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[IP] Re: surgery and the pump

** Reply to message from insulin-pumpers-digest:

> Date: Tue, 22 Sep 1998 11:58:05 EDT
> From: email @ redacted
> Subject: [IP] Surgery and Pump
> I am having surgery next week and I would like to ask how surgery affected
> your diabetes on the pump.  My endo wants me to reduce my basal rate for the
> a.m. to 0.5.  I am rethinking his advice.  My BGs are perfect in the a.m. on
> my present basals that vary from 0.6-0.8. during the morning hours.  I am
> considering leaving my basal rate the same.  I am thinking that with the
> excitement ( this is probably a poor choice of words) of surgery, my BG will
> go up.  I know it goes up alot when I participate in a 5K or 10K race.  Any of
> you who have had surgery with the pump, what was your experience?  Did your BG
> go up or down?  Did you reduce your pump basal rate?  ellen

I had emergency surgery last January resulting from a very nasty
Charcot-complicated compound fracture of my ankle --- actually two surgeries in
three days --- in a hospital in northern Wisconsin.  The anaesthesiologist
handled the insulin dosage details:  he didn't have much experience with it, but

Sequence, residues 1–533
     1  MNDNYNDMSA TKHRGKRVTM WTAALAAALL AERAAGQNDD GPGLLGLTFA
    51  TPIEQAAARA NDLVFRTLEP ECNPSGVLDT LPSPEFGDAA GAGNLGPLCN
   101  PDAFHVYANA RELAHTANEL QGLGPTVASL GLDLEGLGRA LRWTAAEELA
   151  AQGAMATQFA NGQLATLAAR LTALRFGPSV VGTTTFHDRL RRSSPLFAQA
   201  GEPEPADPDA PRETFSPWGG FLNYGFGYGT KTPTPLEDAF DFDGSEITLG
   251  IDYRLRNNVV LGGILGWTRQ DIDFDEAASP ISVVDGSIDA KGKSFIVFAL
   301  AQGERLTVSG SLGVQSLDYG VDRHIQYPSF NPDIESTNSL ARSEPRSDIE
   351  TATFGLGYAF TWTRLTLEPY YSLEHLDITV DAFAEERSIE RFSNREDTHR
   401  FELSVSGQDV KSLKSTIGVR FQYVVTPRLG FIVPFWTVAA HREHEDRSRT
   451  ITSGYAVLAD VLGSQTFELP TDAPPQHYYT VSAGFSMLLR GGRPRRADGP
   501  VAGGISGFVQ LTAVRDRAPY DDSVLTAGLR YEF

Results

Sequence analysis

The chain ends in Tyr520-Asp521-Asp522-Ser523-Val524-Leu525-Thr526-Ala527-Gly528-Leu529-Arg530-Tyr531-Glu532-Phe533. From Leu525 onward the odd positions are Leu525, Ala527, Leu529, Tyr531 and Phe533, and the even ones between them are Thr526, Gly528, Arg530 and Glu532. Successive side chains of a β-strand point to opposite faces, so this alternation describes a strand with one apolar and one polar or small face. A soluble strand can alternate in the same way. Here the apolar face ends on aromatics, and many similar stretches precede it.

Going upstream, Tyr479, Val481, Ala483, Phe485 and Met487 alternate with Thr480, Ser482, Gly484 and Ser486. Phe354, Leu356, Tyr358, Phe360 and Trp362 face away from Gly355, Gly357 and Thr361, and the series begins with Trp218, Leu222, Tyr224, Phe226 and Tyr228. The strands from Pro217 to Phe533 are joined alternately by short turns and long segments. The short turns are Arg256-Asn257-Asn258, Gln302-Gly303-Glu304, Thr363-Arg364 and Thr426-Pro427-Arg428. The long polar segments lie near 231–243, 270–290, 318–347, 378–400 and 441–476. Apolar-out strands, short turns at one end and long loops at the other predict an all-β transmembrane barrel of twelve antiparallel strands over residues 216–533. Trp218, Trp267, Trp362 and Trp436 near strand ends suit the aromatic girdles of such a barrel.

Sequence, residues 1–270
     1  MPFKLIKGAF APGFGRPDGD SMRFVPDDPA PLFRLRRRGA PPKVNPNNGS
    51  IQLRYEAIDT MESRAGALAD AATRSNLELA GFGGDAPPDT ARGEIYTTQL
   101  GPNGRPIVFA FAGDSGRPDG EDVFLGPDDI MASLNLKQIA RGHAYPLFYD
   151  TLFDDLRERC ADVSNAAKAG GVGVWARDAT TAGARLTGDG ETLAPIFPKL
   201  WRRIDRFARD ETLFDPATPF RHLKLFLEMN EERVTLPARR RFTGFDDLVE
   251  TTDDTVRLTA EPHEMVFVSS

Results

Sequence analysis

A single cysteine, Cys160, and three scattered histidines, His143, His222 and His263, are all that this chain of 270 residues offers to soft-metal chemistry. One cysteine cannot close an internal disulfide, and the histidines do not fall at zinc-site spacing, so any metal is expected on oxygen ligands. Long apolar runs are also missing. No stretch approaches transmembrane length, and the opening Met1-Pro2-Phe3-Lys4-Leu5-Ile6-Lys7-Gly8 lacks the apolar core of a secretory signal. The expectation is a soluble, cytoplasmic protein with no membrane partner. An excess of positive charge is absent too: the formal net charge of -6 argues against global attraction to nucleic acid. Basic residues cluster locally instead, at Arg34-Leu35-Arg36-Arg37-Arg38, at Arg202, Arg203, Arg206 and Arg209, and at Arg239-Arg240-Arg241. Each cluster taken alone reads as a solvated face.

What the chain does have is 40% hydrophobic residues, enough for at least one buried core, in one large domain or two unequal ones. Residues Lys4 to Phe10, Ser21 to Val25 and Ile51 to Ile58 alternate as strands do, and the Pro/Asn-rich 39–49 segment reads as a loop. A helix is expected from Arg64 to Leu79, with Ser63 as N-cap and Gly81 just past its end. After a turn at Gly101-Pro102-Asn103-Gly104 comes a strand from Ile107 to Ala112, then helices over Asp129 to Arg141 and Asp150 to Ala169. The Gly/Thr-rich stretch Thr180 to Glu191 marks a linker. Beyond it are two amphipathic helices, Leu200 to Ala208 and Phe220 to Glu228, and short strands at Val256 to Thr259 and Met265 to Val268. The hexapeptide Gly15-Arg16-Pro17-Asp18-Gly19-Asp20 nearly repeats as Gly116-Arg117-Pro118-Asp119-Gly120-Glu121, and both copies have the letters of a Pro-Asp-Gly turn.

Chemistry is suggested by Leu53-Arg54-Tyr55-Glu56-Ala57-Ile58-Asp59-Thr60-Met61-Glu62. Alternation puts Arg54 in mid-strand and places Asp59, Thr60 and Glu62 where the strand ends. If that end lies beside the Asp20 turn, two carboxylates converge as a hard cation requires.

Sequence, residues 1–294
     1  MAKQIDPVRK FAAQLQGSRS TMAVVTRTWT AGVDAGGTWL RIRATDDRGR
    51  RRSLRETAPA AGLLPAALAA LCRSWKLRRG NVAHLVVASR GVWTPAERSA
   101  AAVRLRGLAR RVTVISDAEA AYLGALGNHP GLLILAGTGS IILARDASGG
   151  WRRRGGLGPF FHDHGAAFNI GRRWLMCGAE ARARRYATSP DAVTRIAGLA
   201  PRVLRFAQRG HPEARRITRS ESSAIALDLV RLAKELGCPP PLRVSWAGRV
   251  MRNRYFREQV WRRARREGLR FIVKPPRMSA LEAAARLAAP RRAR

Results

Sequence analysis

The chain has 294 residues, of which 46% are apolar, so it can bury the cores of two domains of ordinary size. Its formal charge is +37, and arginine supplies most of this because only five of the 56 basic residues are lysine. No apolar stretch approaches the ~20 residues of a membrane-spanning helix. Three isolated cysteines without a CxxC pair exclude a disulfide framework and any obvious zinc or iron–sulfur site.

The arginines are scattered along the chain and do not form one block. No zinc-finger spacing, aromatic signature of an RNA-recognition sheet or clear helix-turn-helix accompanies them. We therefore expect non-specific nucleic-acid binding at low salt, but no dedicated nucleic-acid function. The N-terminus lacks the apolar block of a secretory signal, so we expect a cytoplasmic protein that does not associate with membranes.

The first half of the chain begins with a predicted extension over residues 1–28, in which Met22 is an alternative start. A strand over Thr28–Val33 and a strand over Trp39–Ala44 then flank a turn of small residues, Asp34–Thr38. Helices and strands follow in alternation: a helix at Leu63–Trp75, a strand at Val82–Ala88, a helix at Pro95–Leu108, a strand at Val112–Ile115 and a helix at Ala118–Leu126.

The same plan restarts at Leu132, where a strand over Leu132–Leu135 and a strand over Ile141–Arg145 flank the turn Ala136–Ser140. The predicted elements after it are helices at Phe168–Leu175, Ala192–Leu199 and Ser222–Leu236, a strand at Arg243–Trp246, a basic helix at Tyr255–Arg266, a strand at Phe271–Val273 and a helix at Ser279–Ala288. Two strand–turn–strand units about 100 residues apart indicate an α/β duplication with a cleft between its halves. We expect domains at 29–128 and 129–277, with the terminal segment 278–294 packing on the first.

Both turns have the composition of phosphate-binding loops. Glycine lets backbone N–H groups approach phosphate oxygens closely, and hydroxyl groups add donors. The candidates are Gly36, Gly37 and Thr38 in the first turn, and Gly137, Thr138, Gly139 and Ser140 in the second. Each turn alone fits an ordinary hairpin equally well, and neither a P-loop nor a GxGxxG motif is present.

he had a lot of intellectual curiosity and was a quick learner.  For the first
surgery he had me remove the pump completely --- he and the surgeon didn't want
to have to deal with a hypoglycemic reaction during surgery, and felt a
temporary elevated bg was preferable.  For the second surgery, he had me set the
pump at 50% the previous evening (this is a Disetronic where temporary rates are
set as percentages) based on the previous experience, and then as they were
rolling me into the OR he said "OK, set it at 100% now."

What was more interesting was the adjustments I made following surgery: for a
week or two I was running it at 120-140% of the usual basals, and then that
crept down to 110-120%, and finally after a few weeks to plain old 100%.

I think you find that the medical team quite reasonably wants to err on the
side of high blood sugars rather than possible hypoglycemic reactions.

Richard G. Larson,  Professor,       Dept of Math., Stat., and Comp. Sci.
U. of Ill. at Chicago,  851 S. Morgan St, M/C 249,  Chicago IL 60607-7045
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(312) 996-8616   email: email @ redacted    homepage: http://www.uic.edu/~rgl/
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Insulin-Pumpers website http://www.bizsystems.com/Diabetes/